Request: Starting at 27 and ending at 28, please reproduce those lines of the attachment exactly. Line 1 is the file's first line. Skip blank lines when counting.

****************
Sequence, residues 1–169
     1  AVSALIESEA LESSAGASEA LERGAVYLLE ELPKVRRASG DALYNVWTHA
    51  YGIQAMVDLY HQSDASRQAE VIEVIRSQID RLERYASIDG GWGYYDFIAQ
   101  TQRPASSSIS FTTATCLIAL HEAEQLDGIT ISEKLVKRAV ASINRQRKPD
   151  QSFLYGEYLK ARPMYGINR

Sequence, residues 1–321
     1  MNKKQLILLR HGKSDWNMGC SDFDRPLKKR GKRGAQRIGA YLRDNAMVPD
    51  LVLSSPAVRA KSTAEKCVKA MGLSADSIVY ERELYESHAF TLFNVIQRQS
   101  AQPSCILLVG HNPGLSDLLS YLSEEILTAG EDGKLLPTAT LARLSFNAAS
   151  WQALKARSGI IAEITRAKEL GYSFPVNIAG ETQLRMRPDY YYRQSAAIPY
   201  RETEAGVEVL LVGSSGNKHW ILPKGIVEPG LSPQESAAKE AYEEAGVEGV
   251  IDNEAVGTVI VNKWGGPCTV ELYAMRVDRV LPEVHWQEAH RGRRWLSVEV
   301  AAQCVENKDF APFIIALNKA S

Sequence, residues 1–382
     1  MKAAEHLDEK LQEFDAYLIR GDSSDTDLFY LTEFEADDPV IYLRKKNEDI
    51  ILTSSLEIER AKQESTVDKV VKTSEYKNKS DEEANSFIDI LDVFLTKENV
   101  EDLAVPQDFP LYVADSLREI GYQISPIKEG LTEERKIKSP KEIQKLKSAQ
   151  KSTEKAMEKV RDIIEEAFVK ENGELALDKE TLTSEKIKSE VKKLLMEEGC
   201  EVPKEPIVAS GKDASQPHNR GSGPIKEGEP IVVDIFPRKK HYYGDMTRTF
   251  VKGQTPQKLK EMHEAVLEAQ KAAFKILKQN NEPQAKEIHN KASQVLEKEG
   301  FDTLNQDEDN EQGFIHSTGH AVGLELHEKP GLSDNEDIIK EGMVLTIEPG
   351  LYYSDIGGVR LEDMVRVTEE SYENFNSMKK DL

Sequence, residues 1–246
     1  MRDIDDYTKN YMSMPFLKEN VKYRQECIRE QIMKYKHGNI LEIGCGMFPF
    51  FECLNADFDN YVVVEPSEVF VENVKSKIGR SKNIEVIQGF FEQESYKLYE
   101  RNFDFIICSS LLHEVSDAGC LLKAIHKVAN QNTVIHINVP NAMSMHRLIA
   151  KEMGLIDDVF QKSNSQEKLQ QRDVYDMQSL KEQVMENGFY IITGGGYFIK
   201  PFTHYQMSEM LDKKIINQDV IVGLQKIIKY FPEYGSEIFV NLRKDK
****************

   151  KEMGLIDDVF QKSNSQEKLQ QRDVYDMQSL KEQVMENGFY IITGGGYFIK
   201  PFTHYQMSEM LDKKIINQDV IVGLQKIIKY FPEYGSEIFV NLRKDK